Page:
Industrial real estate is absolutely vital to the health of the economy in Metro Vancouver, but as this sector of the real estate market is largely out of sight and mind to the everyday consumer, it sees little attention, despite its importance.
And there has been little acknowledgement from the region’s municipal governments over the gravity of the issue and the need to address the shortage and skyrocketing costs. In the plainest of layman terms, building warehouse space hasn’t been as alluring and profitable — for developers, municipalities, and the general public — as the focus on housing and, to a lesser extent, office space.
But one Vancouver city councillor is hoping to change this.
In a motion that is scheduled for deliberation on Tuesday, Sarah Kirby-Yung is asking the City of Vancouver to formally acknowledge the immediate and real impacts of the industrial land crunch on businesses in the city.
She also wants city staff to study the impact on a possible moratorium of new development applications that use industrial zoning for non-traditional industrial uses.
“The industrial affordability crisis in Vancouver is the result of several global and local forces, including lifting land values as well as landowners sitting on industrial land as a form of real estate investment,” reads her motion.
“Encroachment of non-industrial uses on industrial lands including doggy daycares, self-storage, and car dealerships which have low employment density is reducing the amount of productive job space available.”
Other directions to city staff would include examining regulations, rezoning processes, and density bonusing in relation in industrial properties, and a feasibility analysis to determine the viability of creating more affordable industrial space for start-ups, scale-ups, and arts production space, with the possibility of even using the city’s Property Endowment Fund.
Kirby-Yung notes that industrial businesses provide 60,000 jobs, with 58% of these positions providing a living wage.
Industrial businesses support other sectors of the economy; one job in manufacturing, for instance, indirectly supports 3.5 jobs in other sectors.
Early this year, according to CBRE, the industrial vacancy rate in the region hit only 1.4% — even tighter compared to early 2018. Buoyed by high demand but low supply, industrial rental rates increased by 16% in 2018 to $11.86 per sq. ft., marking the highest market average rate on record in the region.
In fact, Vancouver’s industrial vacancy is the lowest in all of North America, and it has seen some of the world’s largest industrial lease rates increases in recent years, with rates tripling in the inner-city industrial districts over the last five years.
Residential development has been one of the leading contributors in the industrial land loss; over the past 30 years, 5.7 sq. kms. — equivalent to nearly one-and-a-half times the size of Stanley Park — of industrial land has been rezoned to other uses.
While a lack of new industrial supply and the use of such properties for non-traditional industrial uses have been problematic, the region also has booming economic sectors that demand more industrial space.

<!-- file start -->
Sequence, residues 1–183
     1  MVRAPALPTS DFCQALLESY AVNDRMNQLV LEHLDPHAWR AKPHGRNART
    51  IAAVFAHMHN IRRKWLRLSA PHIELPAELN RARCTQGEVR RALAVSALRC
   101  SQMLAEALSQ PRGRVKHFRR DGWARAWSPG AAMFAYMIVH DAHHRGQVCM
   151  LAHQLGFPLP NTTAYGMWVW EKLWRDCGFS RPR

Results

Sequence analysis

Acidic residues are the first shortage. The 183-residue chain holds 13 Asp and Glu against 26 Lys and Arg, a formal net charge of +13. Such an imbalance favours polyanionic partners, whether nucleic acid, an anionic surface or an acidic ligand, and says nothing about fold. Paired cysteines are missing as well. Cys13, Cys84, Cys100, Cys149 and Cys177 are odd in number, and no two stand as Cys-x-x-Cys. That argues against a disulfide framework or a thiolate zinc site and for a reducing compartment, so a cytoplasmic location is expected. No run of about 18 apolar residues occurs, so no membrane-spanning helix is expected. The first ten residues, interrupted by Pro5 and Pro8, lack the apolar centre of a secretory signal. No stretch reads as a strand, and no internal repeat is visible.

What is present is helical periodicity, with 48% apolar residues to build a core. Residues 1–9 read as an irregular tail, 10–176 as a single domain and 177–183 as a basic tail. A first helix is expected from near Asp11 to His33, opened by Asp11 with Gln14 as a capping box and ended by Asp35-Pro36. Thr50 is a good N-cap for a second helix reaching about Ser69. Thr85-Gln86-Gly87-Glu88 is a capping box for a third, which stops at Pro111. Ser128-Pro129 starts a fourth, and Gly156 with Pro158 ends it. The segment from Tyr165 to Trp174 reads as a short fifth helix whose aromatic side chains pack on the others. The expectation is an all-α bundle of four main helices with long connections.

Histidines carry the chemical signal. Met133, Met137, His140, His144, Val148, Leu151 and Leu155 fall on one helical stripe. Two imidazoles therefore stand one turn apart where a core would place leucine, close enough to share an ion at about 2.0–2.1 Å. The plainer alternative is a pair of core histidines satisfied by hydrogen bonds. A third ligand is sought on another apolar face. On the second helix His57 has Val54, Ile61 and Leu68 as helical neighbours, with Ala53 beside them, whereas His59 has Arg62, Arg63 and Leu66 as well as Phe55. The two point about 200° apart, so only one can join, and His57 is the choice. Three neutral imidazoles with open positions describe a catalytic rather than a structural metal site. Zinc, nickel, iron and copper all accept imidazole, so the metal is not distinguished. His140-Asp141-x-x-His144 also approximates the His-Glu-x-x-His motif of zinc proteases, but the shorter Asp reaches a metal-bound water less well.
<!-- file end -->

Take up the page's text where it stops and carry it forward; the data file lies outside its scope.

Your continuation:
This includes the film and television production industry, biotech and cleantech firms, and small manufacturers, materials processors, and distributors.
Over the next few years, if this continues, Kirby-Yung warns up to half of Vancouver’s industrial businesses may need to consider relocating out of the city: Vancouver could shed businesses that provide 30,000 jobs, $3.6 billion in annual revenues, and $1.2 billion in annual wages.
“Since many businesses are on 3, 5, or 10-year leases, Vancouver is only beginning to feel the impact of the drastic rise in industrial land values over the past 5 years,” she warns.
“These impacts are anticipated to worsen in the next one to five years.”
And it is not just about the lack of industrial supply, but also the right supply.
“Older industrial building stock does not meet needs of contemporary industrial businesses; the average floor plate of industrial users have dropped and new demands include increased power and digital connectivity needs,” she wrote.
Everyday consumers will see real direct impacts when industrial businesses are forced to pay even higher industrial lease costs and higher transportation costs, from longer trucking distances between warehouses located in the outskirts of the Lower Mainland and retail businesses in the city.
All stores and restaurants depend on industrial businesses and warehousing to maintain their supply chain.
Higher costs are always passed on to these businesses, which in turn pass on the extra costs to consumers.
“The cost of goods and services in the city will rise as services move further from the urban core,” added Kirby-Yung.
“Traffic congestion and GHG emissions in the region would worsen given that more than 50% of clients and 35% of suppliers for local industrial businesses in the city are located in Vancouver.”
She also noted the challenges with finding affordable industrial space are an obstacle for industrial startups, artists, and musicians. In particular, the industrial land crunch is limiting Vancouver’s ability to scale green businesses and reach sustainability goals.